He did not have much to say.

“I am speechless about my performance today,” said Takahashi. “I have never skated this bad, even in my practice. My jumps were not good, so I couldn’t give a 100 percent to my performance as well. I am very sorry for all my fans who cheered for me. I am going to take this all in, and work for Worlds.”

Takahito Mura of Japan pulled off a quad toe, albeit a bit tight, and six triples, but he popped a Lutz and came too close to the boards on the triple flip. He placed eighth at 218.08 points.

“I am happy that I landed the quad toeloop (today), but I had a lot of mistakes in the second part of the program,” noted the 21-year-old. “I need to improve the second part of my free program. Compared to last year, I pay more attention to details in practice, which is some improvement, but I still encounter problems once performing in competition.”

“The lesson learned from this competition is to perform a perfect short program and to keep myself up in the second part of the free program,” said the Japanese bronze medalist. “(At the World Championships) I would like to make sure to do the quad-triple combo in the short program and to keep the momentum in the second part of my free program.”

USA’s Ross Miner remained in ninth place with 214.36 points. He slipped and fell on the entry of his quad Salchow and singled an Axel, but the rest of his program was solid as usual.

“I’m disappointed in myself,” said the U.S. silver medalist. “That’s not the way I train. It’s been a long couple of weeks since the U.S. Championships. I’m excited to get home and have a few days to mentally recuperate and get ready for the world championships.”

“I didn’t do what I came here to do or skate the programs the way I have been training at home,” the 22-year-old added. “It will put some fire in my belly to really improve and get rid of the errors that aren’t indicative of what I can do.”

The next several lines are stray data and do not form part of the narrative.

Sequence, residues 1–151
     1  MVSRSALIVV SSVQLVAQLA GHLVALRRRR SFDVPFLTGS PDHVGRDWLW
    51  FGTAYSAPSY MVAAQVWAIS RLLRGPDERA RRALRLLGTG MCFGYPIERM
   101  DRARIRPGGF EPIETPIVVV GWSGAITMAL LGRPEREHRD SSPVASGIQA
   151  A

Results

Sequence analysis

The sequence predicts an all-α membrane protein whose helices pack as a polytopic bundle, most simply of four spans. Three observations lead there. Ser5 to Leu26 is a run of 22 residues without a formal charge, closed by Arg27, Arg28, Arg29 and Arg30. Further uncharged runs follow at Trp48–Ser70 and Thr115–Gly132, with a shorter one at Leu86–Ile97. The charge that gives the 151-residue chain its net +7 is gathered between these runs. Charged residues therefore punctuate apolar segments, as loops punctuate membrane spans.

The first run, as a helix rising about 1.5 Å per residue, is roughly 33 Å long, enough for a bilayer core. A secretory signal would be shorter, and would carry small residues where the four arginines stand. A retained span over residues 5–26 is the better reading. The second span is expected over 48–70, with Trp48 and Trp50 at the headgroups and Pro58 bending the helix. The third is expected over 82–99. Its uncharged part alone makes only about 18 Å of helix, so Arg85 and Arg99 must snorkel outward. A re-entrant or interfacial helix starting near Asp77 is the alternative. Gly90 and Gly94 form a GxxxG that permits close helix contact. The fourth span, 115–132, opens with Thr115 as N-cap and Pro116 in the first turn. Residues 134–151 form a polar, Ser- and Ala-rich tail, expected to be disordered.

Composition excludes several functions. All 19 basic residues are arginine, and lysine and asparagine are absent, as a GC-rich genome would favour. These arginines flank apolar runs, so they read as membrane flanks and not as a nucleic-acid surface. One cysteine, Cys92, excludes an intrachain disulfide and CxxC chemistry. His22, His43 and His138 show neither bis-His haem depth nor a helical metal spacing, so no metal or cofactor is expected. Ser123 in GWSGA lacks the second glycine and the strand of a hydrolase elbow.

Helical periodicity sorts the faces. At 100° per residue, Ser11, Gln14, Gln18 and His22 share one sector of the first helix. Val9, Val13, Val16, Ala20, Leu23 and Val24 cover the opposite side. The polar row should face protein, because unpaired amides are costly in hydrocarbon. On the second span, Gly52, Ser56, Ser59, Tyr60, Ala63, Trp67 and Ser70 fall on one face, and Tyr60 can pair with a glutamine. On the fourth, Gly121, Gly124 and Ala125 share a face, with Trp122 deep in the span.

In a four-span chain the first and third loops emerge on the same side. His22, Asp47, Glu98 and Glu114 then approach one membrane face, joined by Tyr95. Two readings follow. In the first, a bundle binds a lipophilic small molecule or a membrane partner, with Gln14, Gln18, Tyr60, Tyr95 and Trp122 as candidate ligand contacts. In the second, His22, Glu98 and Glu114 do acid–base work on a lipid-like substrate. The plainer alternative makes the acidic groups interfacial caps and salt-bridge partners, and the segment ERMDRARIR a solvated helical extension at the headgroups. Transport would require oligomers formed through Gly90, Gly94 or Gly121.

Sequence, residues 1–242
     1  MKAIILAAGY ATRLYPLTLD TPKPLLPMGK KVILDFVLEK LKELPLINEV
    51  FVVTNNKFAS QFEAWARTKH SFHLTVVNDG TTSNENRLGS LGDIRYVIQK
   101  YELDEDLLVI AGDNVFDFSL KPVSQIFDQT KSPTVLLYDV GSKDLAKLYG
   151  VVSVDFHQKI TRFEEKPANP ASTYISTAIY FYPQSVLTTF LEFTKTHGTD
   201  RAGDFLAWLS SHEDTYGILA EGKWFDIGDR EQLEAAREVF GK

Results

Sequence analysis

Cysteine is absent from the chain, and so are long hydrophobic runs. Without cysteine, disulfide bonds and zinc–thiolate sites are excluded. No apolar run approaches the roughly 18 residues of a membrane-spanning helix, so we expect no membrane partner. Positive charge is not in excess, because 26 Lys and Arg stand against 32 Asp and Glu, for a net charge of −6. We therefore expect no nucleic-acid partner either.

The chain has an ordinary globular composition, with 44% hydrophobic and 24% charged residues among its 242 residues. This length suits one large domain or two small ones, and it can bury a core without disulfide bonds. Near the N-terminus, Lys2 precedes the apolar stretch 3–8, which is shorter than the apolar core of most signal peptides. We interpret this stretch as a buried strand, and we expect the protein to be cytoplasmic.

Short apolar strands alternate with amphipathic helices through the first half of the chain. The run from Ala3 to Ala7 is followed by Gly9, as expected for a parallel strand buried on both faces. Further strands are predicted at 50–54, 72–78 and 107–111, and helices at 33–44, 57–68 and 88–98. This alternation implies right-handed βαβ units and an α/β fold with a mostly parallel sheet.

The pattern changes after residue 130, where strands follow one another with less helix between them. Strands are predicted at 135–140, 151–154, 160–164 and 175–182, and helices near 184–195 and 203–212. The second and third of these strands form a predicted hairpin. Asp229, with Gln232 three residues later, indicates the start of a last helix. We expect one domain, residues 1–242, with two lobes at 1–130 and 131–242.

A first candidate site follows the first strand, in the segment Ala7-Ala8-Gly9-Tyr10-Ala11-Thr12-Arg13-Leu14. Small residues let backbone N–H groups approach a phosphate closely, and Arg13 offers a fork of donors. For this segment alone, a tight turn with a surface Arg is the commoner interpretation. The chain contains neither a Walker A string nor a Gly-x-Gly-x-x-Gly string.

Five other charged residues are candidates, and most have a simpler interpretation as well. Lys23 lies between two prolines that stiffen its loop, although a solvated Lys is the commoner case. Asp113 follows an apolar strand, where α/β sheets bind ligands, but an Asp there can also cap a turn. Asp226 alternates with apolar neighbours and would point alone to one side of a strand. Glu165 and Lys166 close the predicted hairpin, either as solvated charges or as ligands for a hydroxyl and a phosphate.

Andrei Rogozine of Canada was the only skater in the top ten who didn’t go for a quadruple jump. His program was highlighted by a triple Axel-triple toe, but he made a few errors on other jumps to finish 10th (201.99 points).

“I had a few mistakes overall, but I think it was a good free skate today,” said the 2011 World Junior Champion. “I wasn’t expecting the podium, so I was just testing my strength, but overall I am happy with both my performances, especially with my short. I am going to continue working really hard until Worlds and hopefully I can improve from the skate I had here, score even higher, and skate to clean programs.”

Two more performances were notable: Misha Ge of Uzbekistan entertained the crowd as Charlie Chaplin to come in 11th (201.71 points). Except for a cheated triple Axel, his program was solid.

“Today was one of my best performances and the audience was great,” said the 21-year-old. “There were some little mistakes on the landings, but overall I did the best I can. I am happy I skated well on both my short and free program.”

“I am working on my quad, but right now I am focusing on getting a clean program,” Ge said. “I skated the full season like this (with lyrics in music) and I knew I would get a deduction. They way I see skating is being creative. I wanted to combine the old Charlie Chaplin with the new generation, and I knew it would be against the rules, but I’m glad that the audience loves it. My goal is to let them enjoy skating and see the fun part and see smiles in the audience.”

Christopher Caluza of the Philippines had a smooth performance to Concerto de Quebec by Andre Mathieu that was well received by the crowd. However, without a triple Axel and quad, he placed 14th (186.79 points).

Bothered by his ankle injury, Denis Ten of Kazakhstan dropped from seventh to 12th (197.26 points).